How to Make Pinecone Candles

Pinecone candles have been a popular home craft for years. They are easy to make, and the best part is that you can use up all of your leftover pinecones from Christmas trees! In this guide, we will know how to make pinecone candles right from your home without any extra cost to put on. We’ll also give you some tips so that when you do decide to sell them, they will be profitable for your business.

How To Make Pinecone Candles

Things You’ll Need:

  • 30 pinecones
  • Hot glue gun and sticks
  • Measuring cup or spoon for wax flakes
  • Wax melting pot or double boiler (depending on what type of wax you’re using)
  • Sticks, wick material, scissors, funnel
  • Scrap paper to make notes with as you work
  • Wick for the candle (the wick should be at least two inches longer than the diameter of your jar or container)
  • Safety gear: gloves, goggles, and a face mask to protect from flying hot wax

Instructions: How to Make Pinecone Candles

Step One:

Gather supplies. You’ll need 30 pine cones, a hot glue gun and sticks, wax flakes (or the type of wax you’re using), a wick for your candle, scissors to cut the pinecones in half or thirds (depending on thickness- we recommend at least two inches thick).

Gather supplies

Step Two:

Cut out several strips from scrap paper that are about as wide as your thumb. These will be used to hold down pine cones while they dry after being dipped into the molten wax.

Step Three:

Measure 30 x 15 cm lengths of butcher’s twine and tie one end around each piece of wood dowel loosely with an overhand knot so it can pull through easily later on – this is called “tying a slipknot.” You’ll need three pieces of wood dowel for this step.

Step Four:

Fill a pot with about two inches of water and bring it to a simmer so that the wax flakes will melt easily – you may want to use a double boiler if your stove is powerful enough as melting wax directly on the stove top can get messy in no time! If using beeswax, be sure not to overheat or boil it; just heat until all chunks are melted.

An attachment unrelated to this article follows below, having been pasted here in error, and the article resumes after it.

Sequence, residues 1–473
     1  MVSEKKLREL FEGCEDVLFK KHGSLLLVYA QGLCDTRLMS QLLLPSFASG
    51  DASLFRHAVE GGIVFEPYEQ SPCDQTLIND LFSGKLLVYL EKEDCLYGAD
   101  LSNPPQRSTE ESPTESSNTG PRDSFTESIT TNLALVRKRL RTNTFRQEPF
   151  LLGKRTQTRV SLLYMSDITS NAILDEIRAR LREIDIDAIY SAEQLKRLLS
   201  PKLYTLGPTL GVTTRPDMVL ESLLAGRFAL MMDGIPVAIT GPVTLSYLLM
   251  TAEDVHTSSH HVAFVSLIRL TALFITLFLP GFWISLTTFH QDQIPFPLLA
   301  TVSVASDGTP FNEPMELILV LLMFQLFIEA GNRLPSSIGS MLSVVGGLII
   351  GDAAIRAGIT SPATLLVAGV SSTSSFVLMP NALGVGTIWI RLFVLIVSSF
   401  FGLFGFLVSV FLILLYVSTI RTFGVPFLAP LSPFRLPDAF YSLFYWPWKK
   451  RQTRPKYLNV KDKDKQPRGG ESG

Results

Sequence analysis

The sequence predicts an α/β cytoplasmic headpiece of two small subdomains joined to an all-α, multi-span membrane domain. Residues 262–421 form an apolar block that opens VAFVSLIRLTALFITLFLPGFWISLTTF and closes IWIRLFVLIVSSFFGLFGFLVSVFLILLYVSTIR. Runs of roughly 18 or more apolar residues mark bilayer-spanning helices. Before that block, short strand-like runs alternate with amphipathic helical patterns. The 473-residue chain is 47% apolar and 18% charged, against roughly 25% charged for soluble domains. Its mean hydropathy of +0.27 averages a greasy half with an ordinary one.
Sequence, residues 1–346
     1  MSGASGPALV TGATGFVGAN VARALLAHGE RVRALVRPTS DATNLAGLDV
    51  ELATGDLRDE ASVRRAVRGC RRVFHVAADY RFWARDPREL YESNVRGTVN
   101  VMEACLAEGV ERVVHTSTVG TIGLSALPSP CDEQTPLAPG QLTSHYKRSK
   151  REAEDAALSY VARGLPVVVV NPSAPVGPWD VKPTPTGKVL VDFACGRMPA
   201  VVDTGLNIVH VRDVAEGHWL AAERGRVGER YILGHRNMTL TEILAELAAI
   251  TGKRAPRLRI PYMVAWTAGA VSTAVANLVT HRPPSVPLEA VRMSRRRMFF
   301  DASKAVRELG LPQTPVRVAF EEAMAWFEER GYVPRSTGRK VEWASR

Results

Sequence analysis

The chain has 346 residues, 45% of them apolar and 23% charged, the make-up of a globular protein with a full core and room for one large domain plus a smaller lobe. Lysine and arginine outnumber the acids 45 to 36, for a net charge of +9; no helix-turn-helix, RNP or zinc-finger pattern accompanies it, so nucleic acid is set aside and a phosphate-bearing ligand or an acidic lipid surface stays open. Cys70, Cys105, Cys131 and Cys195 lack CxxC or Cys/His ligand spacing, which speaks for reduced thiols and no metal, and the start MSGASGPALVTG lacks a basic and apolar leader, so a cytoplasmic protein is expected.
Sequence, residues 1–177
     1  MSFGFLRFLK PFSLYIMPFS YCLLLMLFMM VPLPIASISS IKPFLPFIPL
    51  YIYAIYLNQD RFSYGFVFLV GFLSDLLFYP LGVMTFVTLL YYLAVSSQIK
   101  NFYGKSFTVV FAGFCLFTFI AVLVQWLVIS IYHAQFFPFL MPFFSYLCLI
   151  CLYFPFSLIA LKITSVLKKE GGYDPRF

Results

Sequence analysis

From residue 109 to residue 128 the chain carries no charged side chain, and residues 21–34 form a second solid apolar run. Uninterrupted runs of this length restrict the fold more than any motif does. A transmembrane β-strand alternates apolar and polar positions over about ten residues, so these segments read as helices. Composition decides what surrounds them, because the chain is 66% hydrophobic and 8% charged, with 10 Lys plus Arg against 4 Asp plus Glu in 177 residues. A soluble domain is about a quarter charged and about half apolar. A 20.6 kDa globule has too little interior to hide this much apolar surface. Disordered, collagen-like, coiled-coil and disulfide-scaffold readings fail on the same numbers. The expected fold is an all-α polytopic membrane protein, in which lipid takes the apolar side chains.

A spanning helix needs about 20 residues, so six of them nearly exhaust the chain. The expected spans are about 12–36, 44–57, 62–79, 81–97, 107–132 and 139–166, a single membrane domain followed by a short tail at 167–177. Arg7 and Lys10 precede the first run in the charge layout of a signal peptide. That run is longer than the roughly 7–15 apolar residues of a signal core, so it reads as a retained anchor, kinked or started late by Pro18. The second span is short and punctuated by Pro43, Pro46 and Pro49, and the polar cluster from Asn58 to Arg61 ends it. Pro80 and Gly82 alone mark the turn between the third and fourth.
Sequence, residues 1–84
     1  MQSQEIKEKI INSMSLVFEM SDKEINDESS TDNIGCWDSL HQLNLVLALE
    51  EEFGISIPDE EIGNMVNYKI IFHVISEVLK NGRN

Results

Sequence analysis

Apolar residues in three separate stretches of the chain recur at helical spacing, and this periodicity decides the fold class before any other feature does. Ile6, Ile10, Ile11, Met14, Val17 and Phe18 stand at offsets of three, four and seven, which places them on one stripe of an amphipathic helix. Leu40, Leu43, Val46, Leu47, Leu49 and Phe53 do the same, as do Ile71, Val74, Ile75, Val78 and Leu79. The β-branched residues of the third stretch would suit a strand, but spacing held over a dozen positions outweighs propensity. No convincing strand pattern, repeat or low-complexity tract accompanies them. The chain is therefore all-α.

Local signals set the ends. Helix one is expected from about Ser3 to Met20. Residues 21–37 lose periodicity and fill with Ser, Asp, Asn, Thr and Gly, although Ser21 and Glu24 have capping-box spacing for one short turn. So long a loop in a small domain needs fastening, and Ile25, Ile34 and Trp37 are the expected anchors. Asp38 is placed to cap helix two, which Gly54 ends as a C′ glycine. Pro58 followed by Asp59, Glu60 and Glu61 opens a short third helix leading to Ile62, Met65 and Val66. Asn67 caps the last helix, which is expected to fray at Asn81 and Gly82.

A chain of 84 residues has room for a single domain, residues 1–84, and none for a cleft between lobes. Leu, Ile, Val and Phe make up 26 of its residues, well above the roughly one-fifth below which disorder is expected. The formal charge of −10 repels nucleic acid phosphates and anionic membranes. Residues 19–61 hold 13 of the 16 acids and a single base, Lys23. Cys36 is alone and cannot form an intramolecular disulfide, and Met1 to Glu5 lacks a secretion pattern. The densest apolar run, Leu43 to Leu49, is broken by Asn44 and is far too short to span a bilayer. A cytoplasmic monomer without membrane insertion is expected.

Step Five:

Melt the wax by putting measured amounts into each container, then set aside while waiting for the pinecones to dry after being dipped in them (about 45 seconds). You should now have three strips of cut-out paper ready with their knots tied loosely around one end, three pieces of dowel, and three containers of wax.

Melt the Wax by Putting Measured Amounts Into Each Container

Step Six:

Secure the ends of each strip with a small piece of tape to prevent unraveling from heat or movement while dipping candles; then bend them into shapes that will hold their form after drying.

Lengthen any dips in the paper by twisting it around one leg before securing it off again at its other end – this will leave long strips on either side which can be cut off once dry enough for use as wicks later on!

Step Seven:

Fill up your container(s) with the desired amount of melted wax (approximate measurements are about an inch per candle). Push down hard so there is no puddle left when you remove the pot’s lid – if you are using the full amount of wax, this will be about two inches deep.

Step Eight:

Dip strips into melted wax, allowing it to drip off for a few seconds before placing them back on the paper in their desired position and shape; then repeat again with more wax if necessary – just make sure there’s enough pooling up between dips so that you don’t lose any detail or engravings while dipping candles!

Step Nine:

Once all shapes have been dipped sufficiently (two times is usually sufficient ), it’s time to dry!

Step Ten:

Take a sheet of wax paper, place your pinecone candles on top and let them set for at least 24 hours before burning.

Bonus Tips & Tricks:

Tip 1:

Remember not to dip your pinecone candle too deeply when first getting started; as you become more experienced at making these natural-looking crafts from home, an even greater number of details can be added without fear of risking overflow.

Tip 2:

It may not seem like the pinecones will stand up straight during this process but they’ll eventually settle in once their weight is evenly distributed while cooling overnight – plus, you can always use some extra wick or string if needed to help with any balancing problems that might arise.

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